Get Up, Stand Up for Your Rights: Intellectual Property (IP) Rights. How IPRs Can Help Our Creators Access the Finance They Need to Innovate and Grow.
Bowie, James Brown, Motown, the Isley Brothers – these are all artists who were able to securitize their IP to varying degrees of success but is this the right strategy for the Caribbean? In this piece we explore how we can support our creators in using their IPRs to access the finance they need to innovate and grow.
It is no secret that one of the Caribbean’s prime asset is its creativity. At the core of their business models, creative entrepreneurs turn their intellectual property into cash flow. They innovate. They experiment. They take risks.
The intellectual property system was designed to reward such entrepreneurs who take on investment risks to innovate. The IP system, composed of Intellectual Property Rights (IPRs), such as copyright, trademarks, and patents, is intended to reward entrepreneurs and firms that undertake investments in both soft innovation (i.e. which typically occurs in the creative industries []) and hard innovation (i.e. such as that which typically occurs within the manufacturing sector). Yet, according to the 2013 PROTEqIN dataset, one of the major barriers firms face in pursuing innovation and growth objectives is accessing finance [].
Accessing private finance can occur through four main traditional mediums (1) commercial banks (2) investment banks (3) angel investors and (4) venture capital funds. Creative entrepreneurs and firms face challenges, mainly stemming from information asymmetry, in optimizing the use of these financial mediums. Commercial banks, for instance, do not readily grant loans to intangible asset based firms for three main reasons (i) there is no methodology/guidelines in place to value the IP assets or how to treat it on their balance sheets (ii) many creative innovators and firms do not have historical transactions to document their revenue streams and/or (iii) there is a perceived difficulty in the ability to recoup finances should there be a default on the loan. With regards to raising funds from capital markets, such as that proposed by IP securitization, there are several elements that need to be in place which is explored later in this piece.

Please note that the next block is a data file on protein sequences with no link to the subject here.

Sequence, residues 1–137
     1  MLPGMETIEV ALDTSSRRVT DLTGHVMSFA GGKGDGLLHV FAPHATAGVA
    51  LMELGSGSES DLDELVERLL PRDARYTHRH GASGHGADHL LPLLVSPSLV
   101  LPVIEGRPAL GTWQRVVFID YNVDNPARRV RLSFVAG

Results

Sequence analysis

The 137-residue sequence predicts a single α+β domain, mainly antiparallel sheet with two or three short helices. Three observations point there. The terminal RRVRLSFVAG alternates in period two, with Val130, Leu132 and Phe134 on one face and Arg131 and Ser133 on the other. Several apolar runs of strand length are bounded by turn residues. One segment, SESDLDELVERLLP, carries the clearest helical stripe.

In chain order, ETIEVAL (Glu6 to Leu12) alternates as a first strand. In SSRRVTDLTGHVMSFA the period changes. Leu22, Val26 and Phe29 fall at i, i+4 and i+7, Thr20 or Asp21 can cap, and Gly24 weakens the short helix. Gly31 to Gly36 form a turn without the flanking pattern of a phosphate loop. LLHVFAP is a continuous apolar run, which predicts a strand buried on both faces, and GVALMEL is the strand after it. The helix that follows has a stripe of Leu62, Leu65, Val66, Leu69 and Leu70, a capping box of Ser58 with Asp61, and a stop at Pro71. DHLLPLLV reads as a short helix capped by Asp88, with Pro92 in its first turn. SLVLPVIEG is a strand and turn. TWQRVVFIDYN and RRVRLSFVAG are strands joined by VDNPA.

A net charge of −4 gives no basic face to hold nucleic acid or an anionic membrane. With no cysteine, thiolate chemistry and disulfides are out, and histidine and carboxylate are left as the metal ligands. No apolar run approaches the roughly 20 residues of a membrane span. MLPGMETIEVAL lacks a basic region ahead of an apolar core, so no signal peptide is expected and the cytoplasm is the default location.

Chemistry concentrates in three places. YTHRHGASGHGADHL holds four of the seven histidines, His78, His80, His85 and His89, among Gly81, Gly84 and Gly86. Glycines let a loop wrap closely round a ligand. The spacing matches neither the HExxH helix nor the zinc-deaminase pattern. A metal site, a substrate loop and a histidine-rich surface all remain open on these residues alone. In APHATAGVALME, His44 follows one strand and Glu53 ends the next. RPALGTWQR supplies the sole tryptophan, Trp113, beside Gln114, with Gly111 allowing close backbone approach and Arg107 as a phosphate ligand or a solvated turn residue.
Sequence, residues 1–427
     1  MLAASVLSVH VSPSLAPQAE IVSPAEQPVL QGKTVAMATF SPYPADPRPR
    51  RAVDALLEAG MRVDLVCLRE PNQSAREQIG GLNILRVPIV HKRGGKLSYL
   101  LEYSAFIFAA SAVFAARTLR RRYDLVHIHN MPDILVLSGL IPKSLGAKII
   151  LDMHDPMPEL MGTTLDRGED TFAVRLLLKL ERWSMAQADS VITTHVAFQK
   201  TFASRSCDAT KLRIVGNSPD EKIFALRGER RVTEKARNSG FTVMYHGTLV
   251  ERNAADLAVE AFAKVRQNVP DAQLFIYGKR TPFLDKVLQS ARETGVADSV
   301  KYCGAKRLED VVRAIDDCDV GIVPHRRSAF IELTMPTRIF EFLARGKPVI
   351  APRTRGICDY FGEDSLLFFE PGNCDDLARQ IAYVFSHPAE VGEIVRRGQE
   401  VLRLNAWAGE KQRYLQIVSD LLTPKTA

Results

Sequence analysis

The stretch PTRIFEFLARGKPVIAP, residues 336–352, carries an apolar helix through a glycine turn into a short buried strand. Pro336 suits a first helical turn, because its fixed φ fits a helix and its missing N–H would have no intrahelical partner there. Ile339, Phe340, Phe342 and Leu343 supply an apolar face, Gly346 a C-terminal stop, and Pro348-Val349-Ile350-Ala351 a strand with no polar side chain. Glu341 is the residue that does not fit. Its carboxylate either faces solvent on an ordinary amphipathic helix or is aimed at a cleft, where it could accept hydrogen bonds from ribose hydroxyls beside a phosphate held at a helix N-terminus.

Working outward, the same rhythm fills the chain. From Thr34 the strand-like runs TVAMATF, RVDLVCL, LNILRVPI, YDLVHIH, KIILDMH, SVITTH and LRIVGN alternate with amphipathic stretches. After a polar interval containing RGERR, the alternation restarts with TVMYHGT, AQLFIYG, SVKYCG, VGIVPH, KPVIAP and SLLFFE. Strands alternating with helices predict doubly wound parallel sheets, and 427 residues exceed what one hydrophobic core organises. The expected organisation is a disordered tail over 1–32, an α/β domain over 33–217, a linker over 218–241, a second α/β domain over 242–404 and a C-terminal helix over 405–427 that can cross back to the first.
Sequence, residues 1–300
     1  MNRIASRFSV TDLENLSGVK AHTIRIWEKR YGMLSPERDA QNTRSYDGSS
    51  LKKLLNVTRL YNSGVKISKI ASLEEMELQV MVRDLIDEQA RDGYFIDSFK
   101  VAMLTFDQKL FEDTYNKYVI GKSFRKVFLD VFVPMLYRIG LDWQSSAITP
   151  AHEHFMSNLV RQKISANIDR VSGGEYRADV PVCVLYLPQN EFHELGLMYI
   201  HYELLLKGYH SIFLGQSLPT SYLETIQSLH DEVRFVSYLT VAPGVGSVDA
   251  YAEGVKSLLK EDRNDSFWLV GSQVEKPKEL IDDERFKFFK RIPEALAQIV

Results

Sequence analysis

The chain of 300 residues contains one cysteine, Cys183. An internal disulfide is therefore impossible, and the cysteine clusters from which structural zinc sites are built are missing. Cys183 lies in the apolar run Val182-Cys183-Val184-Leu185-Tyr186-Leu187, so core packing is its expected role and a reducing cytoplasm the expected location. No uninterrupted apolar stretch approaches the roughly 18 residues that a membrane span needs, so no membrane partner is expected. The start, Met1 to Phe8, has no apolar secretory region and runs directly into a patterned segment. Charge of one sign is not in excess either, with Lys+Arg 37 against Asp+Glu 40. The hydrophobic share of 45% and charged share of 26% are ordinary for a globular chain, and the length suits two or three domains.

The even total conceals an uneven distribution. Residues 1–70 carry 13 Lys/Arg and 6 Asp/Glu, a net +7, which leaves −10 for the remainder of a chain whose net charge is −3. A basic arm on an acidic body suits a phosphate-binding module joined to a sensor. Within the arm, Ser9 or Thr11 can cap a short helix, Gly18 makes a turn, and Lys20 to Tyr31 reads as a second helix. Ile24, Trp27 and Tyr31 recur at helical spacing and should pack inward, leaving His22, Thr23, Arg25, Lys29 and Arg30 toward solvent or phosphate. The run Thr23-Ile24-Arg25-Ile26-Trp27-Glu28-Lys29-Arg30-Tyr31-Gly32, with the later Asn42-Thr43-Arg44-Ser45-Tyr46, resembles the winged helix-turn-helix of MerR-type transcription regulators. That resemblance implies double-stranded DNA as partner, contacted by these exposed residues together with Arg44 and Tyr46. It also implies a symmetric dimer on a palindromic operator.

Given that access to finance is often cited as one of the major barriers to firms interested in innovating and growing, the goal is to understand the types of market failures and to then explore feasible options for demonstrating and expanding the successful use of IP based financing. Grazzi and Benavente (2017) explore the role of public policy in addressing the identified market failures for promoting innovation in the creative economy. They do so along the dimensions of supply side, demand side, human capital formation, and systemic innovation policies. Supply-side innovation policy can address the “public good nature of cultural and creative goods and services, externalities, and network effects, as well as the uncertainty and cost structure related to high fixed and sunk costs [which] all prevent private finance from providing adequate funding” to intangible asset-based firms. Direct support can take the form of grants, subsidies or other kinds of financial assistance. Government guaranteed loans, for instance, may permit more affordable and accessible loans. Other indirect support (through special tax regimes or tax incentives) serve as useful stimulants. Furthermore, entrepreneurship policy instruments can support creative startups and particularly address financing constraints faced by new entrepreneurs.
The Role of Moveable Assets. To move towards solving this issue of accepting IP as a category of moveable assets, Jamaica, with the support of Compete Caribbean/IDB and other actors, embarked on a strategic trajectory in implementing the SIPPA. In 2013, the Government of Jamaica enacted the Security Interest in Personal Property Act (SIPPA) and established the National Collateral Registry to provide increased access to credit for micro, small and medium-sized enterprises (MSMEs) and entrepreneurs. According to the project proposal submitted by the Jamaica Intellectual Property Office (JIPO) in response to a Compete Caribbean call for business climate reform projects, the SIPPA “is expected to facilitate the use of a more expansive range of collateral in secured lending, such as inventory, accounts receivable and intellectual property, thereby improving access to credit, particularly for those without more traditional forms of security. The four (4) fundamental principles of the SIPPA are as follows: (i) Creation of security interests in any form of personal property (tangible or intangible, present or future); (ii) Clarification on priorities among the different claims, by creditors, on the secured property; (iii) Registration of security interests in personal property; and (iv) Enforcement, by creditors, of property rights in the secured property, in an efficient manner.”
The Government of Jamaica in the enactment of the SIPPA set the foundation for permitting securitization and collateralization. Yet as of now, less than 1% of all registered assets are movable assets, including intellectual property, indicating a gap that needs to be addressed. []
Putting the Elements in Place. Given the relative novelty of securitization and collateralization of intellectual property (IP) assets in the region, JIPO and Compete Caribbean organized consultations to gather the perceptions and experiences of key stakeholders in improving the intellectual property system, specifically as it relates to access to finance based on the use of intellectual property rights.